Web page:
Who Pays for the Children’s College Tuition After a Divorce in California?

Divorce is one of the most challenging life changes that a person may ever experience in their life and it is made all the more difficult if children result from the union. And while we tend to think of divorce’s impact on small children and how it may traumatize their development, divorce raises questions about how to raise children of all ages. These concerns extend to who will ultimately pay off the child’s school expenses, including college tuition.

In California, child support obligations usually end once the child reaches the age of 18 or when they finish high school. Neither parent is legally obligated to supply the funds to send their child to college.

However, there are ways to ensure that a parent contributes to the college funds, such as reaching a mutual agreement while signing the divorce papers.

Should Children Be Responsible for Their Own College Enrollment Fees?

This is ultimately a question that must be answered on a case-by-case basis. No article online can presume to know your financial status or the financial situation of your children.

Parents may decide that their children need to pay for their own college education, or they may opt to help the children or even pay for the college tuition in its entirety. There is no easy answer to this question. Do what you can. Do what you think is suitable for your children.

Can a Judge Order a Parent to Pay for a Child’s College Tuition?

If you cannot persuade your ex-spouse to help pay for your child’s college education, you can make a case in divorce court. If you can raise a convincing argument, the judge may suggest revisions to the divorce agreement. Factors that may influence such a decision could include an ex-spouse’s ability to pay for the education and the child’s gifted talents or special needs.

Is the Father or Mother More Likely to Be the One Responsible for College Fees?

In divorce, the courts try to put the children’s needs above all else, and often that means giving them the most stable lifestyle possible. Usually, a mother will retain custody of the children, while a father will be responsible for child support. As to the question of whether that support extends to paying for a child’s college tuition, no, a father is not necessarily any more likely to be on the hook for such an expense as a mother.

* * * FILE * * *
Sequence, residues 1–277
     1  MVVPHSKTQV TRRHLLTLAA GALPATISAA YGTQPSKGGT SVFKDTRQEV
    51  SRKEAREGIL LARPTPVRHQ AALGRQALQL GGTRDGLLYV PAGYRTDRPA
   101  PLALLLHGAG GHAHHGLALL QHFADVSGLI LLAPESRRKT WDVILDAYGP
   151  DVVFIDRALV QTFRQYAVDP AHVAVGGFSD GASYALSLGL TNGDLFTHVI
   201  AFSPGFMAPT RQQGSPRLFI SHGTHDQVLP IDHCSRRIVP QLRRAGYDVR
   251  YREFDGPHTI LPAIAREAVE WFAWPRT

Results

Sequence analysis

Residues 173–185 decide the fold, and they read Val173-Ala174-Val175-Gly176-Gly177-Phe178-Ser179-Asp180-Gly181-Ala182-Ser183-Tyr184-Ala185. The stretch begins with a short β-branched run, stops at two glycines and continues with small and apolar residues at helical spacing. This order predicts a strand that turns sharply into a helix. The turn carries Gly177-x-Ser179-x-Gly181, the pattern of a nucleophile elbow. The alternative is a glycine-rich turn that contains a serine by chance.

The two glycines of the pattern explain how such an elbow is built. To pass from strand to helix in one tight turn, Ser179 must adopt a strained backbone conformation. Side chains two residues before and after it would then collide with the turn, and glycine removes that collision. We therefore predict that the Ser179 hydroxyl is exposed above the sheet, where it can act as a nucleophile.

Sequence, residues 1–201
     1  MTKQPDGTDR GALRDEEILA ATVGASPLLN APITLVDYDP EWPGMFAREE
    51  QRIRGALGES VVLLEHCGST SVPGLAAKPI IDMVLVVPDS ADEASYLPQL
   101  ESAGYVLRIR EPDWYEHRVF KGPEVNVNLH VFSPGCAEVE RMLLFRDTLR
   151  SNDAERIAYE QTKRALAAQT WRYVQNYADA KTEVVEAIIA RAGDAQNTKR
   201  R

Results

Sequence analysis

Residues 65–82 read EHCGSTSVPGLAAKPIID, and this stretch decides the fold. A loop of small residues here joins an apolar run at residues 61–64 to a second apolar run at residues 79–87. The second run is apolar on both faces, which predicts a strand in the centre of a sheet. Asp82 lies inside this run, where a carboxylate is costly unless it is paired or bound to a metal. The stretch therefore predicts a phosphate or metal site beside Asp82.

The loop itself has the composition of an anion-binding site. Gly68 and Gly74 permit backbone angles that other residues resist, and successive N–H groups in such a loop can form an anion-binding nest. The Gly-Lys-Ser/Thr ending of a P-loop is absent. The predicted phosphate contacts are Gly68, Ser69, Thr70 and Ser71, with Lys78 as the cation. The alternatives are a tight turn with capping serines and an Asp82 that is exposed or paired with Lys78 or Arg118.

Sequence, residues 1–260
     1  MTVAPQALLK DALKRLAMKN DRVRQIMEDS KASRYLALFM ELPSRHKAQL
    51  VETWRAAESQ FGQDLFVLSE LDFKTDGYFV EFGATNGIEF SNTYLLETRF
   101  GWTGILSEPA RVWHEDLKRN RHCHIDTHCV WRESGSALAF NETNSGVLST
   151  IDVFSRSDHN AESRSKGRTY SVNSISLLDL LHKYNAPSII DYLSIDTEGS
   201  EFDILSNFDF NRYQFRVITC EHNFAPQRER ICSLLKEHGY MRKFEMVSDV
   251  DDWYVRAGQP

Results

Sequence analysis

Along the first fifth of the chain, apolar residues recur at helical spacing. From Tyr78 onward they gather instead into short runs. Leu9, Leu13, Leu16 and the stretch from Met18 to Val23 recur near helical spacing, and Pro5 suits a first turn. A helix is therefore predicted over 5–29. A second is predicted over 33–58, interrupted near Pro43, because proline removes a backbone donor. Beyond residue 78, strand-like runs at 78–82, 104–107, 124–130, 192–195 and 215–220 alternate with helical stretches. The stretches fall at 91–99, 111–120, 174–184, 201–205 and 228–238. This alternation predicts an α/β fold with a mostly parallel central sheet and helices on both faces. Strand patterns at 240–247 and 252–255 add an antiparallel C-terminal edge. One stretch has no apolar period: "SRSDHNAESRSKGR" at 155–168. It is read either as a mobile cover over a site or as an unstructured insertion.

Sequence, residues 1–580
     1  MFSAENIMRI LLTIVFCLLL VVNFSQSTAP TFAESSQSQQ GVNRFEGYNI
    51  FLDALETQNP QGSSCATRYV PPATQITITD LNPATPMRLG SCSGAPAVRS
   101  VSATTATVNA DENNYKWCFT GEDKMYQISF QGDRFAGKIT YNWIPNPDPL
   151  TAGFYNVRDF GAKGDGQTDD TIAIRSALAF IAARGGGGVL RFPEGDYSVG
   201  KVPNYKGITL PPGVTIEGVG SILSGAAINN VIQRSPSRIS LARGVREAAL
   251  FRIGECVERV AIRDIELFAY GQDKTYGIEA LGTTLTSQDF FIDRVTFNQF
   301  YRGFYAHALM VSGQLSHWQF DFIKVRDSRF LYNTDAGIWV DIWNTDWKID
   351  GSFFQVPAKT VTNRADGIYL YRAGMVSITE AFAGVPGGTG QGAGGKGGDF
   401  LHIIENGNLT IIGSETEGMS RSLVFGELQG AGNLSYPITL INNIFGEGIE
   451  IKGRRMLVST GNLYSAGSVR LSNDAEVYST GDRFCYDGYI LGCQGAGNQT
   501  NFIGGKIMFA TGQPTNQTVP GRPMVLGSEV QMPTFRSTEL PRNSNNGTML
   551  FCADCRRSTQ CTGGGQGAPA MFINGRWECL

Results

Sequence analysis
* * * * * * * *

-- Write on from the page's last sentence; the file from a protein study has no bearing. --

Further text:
These cases are determined by the unique facts of the situation, primarily the finances of each parent and the needs of the child in question. If a divorcing parent, regardless of gender, is considered incredibly wealthy, the court may urge them to pay for their child’s college education.

Does Child Support Cover College Tuitions?

California law states that child support is meant to cover basic living expenses for a growing child, including the cost of food, clothing, housing, recreational activities, and certain other expenses. California’s divorce courts have the discretionary ability to issue additional expenses like medical treatment, travel expenses, and the child’s education. The judge will decide on these additional expenses based on the facts unique to each divorce case.

If one parent is asking that child support include money for extra education, they must prove that these expenses are necessary in a court of law.

What Options Are Available for Planning for a Child’s College Enrollment After Divorce?

There are two main options for divorcing parents to plan ahead for their children’s college educations: entering into an agreement during the divorce proceedings or establishing a trust or escrow account to pay for college expenses.

During the divorce, the ex-partners can negotiate the terms for an agreement to fund a child’s college tuition. The conditions of the agreement must be hammered out and clearly defined so that there can be no wiggle room to take advantage of the agreement later on.

Things to consider when drafting such an agreement should include the following:

  • Does the contract cover private schools or public schools?
  • How are the payments made?
  • How much must either parent contribute to the college fund?
  • How often are payments made? What happens if payments are late?
  • If there are leftover funds, what is to be done with them?
  • Is there a time limit or expiration date for the expenses?
  • Must the child reach certain grade levels to continue receiving college payments? Are there other conditions that the child must adhere to?
  • What expenses does the college fund cover? Will it just cover enrollment fees, or will it extend to room and board and other expenses?
  • What if the child opts to enroll in a college or university that is out-of-state?
  • Who will handle the money?

Alternatively, the divorcing parents could opt to establish a trust or escrow account and put money into those accounts for the child’s education. This option is very similar to drafting your own agreement. However, it may be bound by more rules and regulations, which could help ensure that one parent doesn’t take advantage of the other. A trust or escrow account is also a popular option if the funds are available now and there is no need for either parent to save or make payments over time.